One of the keys to self-service BI is that people need the highest quality, up-to-date data for their analysis. Many people don’t have direct access to query the databases underlying the applications that they use on a day to day basis, both because of the complexity of the data and also the need for adding business logic and security on top of the raw data.
Gemini includes support for data feeds, which lets you get your data from all kinds of interesting places such as applications and data services. One of the most common places where people get their data today is Reporting Services reports. So let’s start with some great news for Gemini users.
Using a Reporting Services report as a data feed
In SQL Server 2008 R2, every single Reporting Services report can be used as a data feed for your Gemini models! This means that users can get refreshable data feeds sourced from all the places where SSRS can get data, without any further work required to make data available for Gemini.
Once you have found a useful report, you can add it to your Gemini model by clicking the new orange “Export to Data Feed” button on the toolbar. This will launch Excel and take you straight into the import wizard. If you already have Excel workbooks open, you will be prompted to either pick an open model to add the feed to, or create a brand new model.
The import wizard for data feeds is very similar to the wizard for other types of data. In particular, you can preview data and pick which columns from the feed to add to your model. If the data feed contains multiple tables, such as a Reporting Services report with different data regions, then you can pick which tables to add and specify table names.
You can also start from the Gemini client, browse your report server for a useful report and add it to your Gemini model. Whether you start from the report, or start from the Gemini client, you can add as many feeds as you need to build your model, including combining it with data from other sources (see Edward’s blog on Importing data into Gemini).
Using a data feed from the Internet
Reporting Services is just one of the many places where you can get data feeds. You can also use data feeds from the Internet or other sources, as long as they follow the REST and Atom model (see next section for technical details on developing a custom data feed). One really cool place for getting data is the Open Government Data Initiative (OGDI) at http://ogdisdk.cloudapp.net/ which is built on the Azure Services Platform.
If you know the URL of the data feed, you can use the From Data Feeds button in the Gemini client to import it. You can also set up advanced properties to have more control over how the data shows up, including choosing options like whether to include all the standard Atom columns like title and author name which are not shown by default.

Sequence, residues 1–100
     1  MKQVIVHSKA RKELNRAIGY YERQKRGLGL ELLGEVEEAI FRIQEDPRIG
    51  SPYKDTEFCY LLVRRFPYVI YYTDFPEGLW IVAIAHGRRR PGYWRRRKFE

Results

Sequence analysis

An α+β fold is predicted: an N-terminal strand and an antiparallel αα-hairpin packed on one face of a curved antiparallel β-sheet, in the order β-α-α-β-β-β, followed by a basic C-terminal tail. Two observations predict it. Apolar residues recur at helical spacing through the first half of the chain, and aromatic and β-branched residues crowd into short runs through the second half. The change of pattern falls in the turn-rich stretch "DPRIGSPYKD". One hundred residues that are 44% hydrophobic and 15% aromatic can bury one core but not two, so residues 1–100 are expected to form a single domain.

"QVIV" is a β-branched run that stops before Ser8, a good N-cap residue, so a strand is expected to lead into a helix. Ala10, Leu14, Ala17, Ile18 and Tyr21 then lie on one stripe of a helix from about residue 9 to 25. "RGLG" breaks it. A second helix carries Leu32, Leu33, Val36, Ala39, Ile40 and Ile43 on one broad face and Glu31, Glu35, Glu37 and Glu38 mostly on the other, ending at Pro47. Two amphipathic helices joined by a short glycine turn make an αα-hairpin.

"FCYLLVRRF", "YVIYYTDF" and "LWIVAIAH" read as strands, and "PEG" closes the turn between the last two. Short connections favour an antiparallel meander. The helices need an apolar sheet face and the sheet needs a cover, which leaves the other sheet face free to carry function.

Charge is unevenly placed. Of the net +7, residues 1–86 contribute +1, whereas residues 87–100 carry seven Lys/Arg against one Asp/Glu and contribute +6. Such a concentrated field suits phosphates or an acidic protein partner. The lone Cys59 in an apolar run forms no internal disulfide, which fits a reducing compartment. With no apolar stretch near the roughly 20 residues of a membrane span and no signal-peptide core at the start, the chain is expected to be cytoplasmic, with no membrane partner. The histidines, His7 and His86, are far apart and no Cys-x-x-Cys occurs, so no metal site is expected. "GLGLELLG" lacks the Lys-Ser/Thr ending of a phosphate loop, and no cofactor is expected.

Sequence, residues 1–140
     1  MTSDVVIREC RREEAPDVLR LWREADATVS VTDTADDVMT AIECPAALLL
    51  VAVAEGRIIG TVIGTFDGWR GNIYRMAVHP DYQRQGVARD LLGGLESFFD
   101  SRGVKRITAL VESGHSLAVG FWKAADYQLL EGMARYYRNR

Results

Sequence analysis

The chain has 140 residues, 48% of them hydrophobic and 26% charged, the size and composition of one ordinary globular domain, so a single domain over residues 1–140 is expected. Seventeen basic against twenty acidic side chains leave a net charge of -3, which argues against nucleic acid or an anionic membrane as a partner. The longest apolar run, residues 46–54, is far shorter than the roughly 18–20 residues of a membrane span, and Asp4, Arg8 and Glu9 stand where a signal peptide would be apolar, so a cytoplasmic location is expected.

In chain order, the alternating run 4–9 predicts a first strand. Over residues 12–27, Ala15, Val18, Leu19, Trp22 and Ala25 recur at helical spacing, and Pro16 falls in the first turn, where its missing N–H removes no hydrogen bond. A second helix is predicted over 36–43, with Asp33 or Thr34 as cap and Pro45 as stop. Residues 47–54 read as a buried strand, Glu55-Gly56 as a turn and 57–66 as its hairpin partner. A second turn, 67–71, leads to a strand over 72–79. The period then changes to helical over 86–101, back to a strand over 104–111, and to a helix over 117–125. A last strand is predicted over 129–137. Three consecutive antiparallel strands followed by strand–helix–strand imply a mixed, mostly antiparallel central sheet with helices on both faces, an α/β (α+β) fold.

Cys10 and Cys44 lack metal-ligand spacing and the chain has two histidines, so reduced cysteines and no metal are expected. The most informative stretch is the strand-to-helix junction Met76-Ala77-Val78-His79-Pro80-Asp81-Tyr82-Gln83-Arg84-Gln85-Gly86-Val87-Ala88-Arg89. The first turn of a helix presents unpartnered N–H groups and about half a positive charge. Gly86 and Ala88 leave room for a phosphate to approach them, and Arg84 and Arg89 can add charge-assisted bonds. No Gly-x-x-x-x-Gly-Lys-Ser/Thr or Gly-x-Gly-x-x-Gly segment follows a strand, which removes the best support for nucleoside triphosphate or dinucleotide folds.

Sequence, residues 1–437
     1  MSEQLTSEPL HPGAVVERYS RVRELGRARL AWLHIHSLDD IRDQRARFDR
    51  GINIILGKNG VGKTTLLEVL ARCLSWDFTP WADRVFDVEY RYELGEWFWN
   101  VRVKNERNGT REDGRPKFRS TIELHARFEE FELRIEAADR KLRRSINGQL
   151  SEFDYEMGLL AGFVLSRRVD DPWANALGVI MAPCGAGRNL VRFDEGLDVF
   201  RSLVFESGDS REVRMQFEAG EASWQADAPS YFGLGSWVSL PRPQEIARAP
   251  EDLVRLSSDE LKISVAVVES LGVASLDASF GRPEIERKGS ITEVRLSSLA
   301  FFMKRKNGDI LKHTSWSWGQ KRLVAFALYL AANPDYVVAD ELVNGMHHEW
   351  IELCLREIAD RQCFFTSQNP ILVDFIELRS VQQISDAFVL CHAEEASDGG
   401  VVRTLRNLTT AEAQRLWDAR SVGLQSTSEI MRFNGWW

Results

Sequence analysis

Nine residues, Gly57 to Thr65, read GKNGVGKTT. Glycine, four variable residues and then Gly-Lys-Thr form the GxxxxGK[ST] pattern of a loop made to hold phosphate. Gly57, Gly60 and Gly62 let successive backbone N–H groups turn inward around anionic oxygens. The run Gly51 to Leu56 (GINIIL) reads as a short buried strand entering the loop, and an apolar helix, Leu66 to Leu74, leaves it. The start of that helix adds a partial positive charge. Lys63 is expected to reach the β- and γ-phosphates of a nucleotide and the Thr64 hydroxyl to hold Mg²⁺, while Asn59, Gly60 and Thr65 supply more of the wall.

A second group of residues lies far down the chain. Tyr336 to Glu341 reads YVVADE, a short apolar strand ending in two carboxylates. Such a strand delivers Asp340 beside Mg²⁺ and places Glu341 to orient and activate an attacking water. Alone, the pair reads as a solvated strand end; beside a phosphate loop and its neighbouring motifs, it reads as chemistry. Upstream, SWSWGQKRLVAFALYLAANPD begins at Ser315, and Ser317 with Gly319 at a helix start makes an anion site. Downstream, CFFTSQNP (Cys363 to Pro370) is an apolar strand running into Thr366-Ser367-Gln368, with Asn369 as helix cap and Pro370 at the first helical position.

Developing a custom data feed
If you are a developer, you are probably already wondering how you can enable Gemini users to get data feeds from your applications. The good news is that there are lots of easy ways to support this. The basic technology is REST and Atom, so if you already have web services support you are in good shape to get started. One of the simplest ways to build a data feed is to use the great support for syndication in WCF. You can add your custom columns to the feed using the extensibility mechanisms that they supply, see one of the OGDI feeds mentioned above for an example, such as http://ogdi.cloudapp.net/v1/gsa/ConusPerDiemRates2009/ (you may need to turn off feed reader view in your browser to be able to see the raw XML).
If you are developing on the .NET platform and want to build a flexible and powerful data service, then ADO.NET Data Services (“Astoria”) is your best bet. If you haven’t used this technology yet, you will be surprised at how few lines of code it takes to get a huge amount of functionality, including everything you need for data feeds in Gemini.
Other than the data feeds themselves, if you want to add the orange data feed button to allow users to launch Gemini from your application or save a data feed file for later use, then you will also have to build a service document (.atomsvc file) for your data feeds. ADO.NET Data Services includes a service document already, but if you have built your own data feed then you can use WCF’s ServiceDocument class, or otherwise the format is simple enough that you can build one yourself.
If you developed have a desktop application rather than a server application that could include REST web services, but you still want to get data into Gemini, then you have a similar option. Gemini can import data from regular text files and the clipboard so in many cases users will already be able to use your data. But, if you want to let users launch Gemini right from your application to import data, you can create local Atom XML files and a corresponding data service document and then use the Gemini launcher to provide the same kind of seamless experience you saw in Reporting Services earlier.
Sharing and finding data feeds
If you have developed a custom data feed for your company but don’t have an existing application that users would expect to use for getting data, Gemini’s SharePoint integration includes a great solution. You can add a Data Feed Library to your SharePoint site, which will allow you to publish and edit data service documents as .atomsvc files. This means that a user could do search SharePoint for a term like “Customer data”, find your data service document in a Data Feed Library, and launch into Gemini just by clicking the file to import data from your feed.